0.8 500 = 400 MJ/m2.

Analysis

Monte Carlo modelling

Recent work by Tohir and Spearpoint [16] has investigated a probabilistic approach to examine how spaces in a car park

might be populated. A relatively simple model has been developed that allows a specied number of parking spaces congured into a continuous double row be populated by a specied number of vehicles. The model allows for the possibility that

vehicles might be preferentially parked at one end of the row. The model also allows the probability of each vehicle to correspond to a set of statistics such as size and energy content. By using the Monte Carlo capabilities of the model it is possible

to generate distributions of FLED based on the input distributions.

Total energy content

Tohir and Spearpoint [17] completed a comprehensive survey of full-scale car re experiments. This work uses the curb

weight classication system given by ANSI [18] to categorise the vehicles and obtain values for the total energy released

(Table 1). The ANSI classication system separately considers vans/MPVs and SUVs. However in this work these vehicles

are integrated into the corresponding Passenger car classes by using the specied vehicle weight.

Where sufcient data was available a Weibull distribution with parameters as shown in Table 1 have been assigned to the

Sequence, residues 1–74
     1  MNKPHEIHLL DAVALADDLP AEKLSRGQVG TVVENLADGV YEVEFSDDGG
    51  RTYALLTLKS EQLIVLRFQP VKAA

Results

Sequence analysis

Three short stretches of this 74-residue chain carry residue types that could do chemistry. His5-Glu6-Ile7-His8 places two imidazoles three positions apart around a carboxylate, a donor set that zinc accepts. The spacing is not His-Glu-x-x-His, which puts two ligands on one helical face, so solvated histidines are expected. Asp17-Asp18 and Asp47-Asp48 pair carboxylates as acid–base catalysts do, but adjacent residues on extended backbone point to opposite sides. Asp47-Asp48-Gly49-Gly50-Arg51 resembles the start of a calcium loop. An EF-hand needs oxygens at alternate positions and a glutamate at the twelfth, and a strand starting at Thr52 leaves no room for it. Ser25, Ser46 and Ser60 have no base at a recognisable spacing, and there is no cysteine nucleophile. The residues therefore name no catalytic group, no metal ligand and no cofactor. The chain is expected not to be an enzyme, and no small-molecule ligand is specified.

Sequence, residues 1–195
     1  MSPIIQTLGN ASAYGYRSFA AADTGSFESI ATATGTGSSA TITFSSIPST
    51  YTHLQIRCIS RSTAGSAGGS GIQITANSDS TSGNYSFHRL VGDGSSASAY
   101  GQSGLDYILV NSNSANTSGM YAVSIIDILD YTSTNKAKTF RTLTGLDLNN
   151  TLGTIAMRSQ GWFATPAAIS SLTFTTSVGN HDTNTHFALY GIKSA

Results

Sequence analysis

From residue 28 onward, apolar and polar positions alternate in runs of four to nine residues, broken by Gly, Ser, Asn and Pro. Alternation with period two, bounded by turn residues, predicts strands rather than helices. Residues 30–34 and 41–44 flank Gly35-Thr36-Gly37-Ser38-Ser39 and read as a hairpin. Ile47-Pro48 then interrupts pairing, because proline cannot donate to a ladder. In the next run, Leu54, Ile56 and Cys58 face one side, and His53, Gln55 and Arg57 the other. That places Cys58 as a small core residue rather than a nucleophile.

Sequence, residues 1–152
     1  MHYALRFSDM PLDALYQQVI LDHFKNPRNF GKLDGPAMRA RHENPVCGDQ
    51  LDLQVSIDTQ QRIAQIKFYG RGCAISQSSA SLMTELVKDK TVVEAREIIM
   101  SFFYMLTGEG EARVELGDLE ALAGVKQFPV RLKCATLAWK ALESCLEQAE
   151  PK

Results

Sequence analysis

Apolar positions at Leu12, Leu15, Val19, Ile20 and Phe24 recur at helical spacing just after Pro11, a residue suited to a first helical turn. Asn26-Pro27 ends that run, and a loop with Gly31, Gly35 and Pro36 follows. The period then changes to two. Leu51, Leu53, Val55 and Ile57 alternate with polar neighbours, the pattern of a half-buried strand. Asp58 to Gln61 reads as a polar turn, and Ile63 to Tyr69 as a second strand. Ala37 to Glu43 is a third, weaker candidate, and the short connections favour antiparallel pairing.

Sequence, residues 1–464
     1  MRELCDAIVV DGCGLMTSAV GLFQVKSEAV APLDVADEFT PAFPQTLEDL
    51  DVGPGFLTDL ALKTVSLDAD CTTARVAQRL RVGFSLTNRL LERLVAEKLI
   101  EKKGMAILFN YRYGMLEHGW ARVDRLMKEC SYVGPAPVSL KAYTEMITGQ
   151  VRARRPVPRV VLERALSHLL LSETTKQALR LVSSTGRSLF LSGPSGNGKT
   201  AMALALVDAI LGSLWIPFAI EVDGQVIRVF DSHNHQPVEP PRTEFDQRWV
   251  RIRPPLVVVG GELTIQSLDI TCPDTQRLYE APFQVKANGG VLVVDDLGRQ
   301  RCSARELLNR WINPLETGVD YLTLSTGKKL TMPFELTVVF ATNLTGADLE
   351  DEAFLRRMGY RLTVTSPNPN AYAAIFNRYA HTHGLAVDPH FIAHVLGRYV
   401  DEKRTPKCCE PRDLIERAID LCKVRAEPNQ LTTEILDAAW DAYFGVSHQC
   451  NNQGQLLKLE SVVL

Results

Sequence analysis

total energy content values to each classication. However, since Tohir and Spearpoint only found a single applicable dataset

for Passenger car: Heavy, the distribution parameters for this classication are extrapolated from the distribution parameters

for the lighter weight classes. The extrapolation uses the increasing trend in the mean of the total energy released as the curb

weight class increases.

The previous work by Schleich et al. [14] proposed values for the total energy release for ve different European car classications and these were incorporated into the work by Joyeux et al. [19]. Other work by Shintani et al. [20] gives a trend

line based on their experiments. Tohir and Spearpoint showed a close agreement with Shintani et al. whereas this is not the

case with Schleich et al. (Fig. 1). It is clear that heavier vehicles have a greater total energy content than lighter vehicles.

Anderson and Bell [21] note that specic models of cars have increased in curb weight with one example of a 26% increase

in weight between the equivalent 1985 and 2012 models. Tohir and Spearpoint [17] also investigated whether the energy

content of vehicles has increased in newer vehicles however the analysis was inconclusive based on the available experimental data.

Vehicle eet characteristics

Given that the total energy content can be related to vehicle curb weight it is then appropriate to investigate the proportion of curb weights within a vehicle eet. Using data from the European Union, Tohir and Spearpoint [17] obtained a

distribution of vehicle population curb weights shown in Fig. 2.

In addition a survey of almost 5000 vehicles in New Zealand by Anderson and Bell [21] is also shown in Fig. 2. Similar to

the total energy content analysis, vans/MPVs and SUVs are included in the appropriate vehicle classication by using their

known weight rather than by identifying them as separate categories.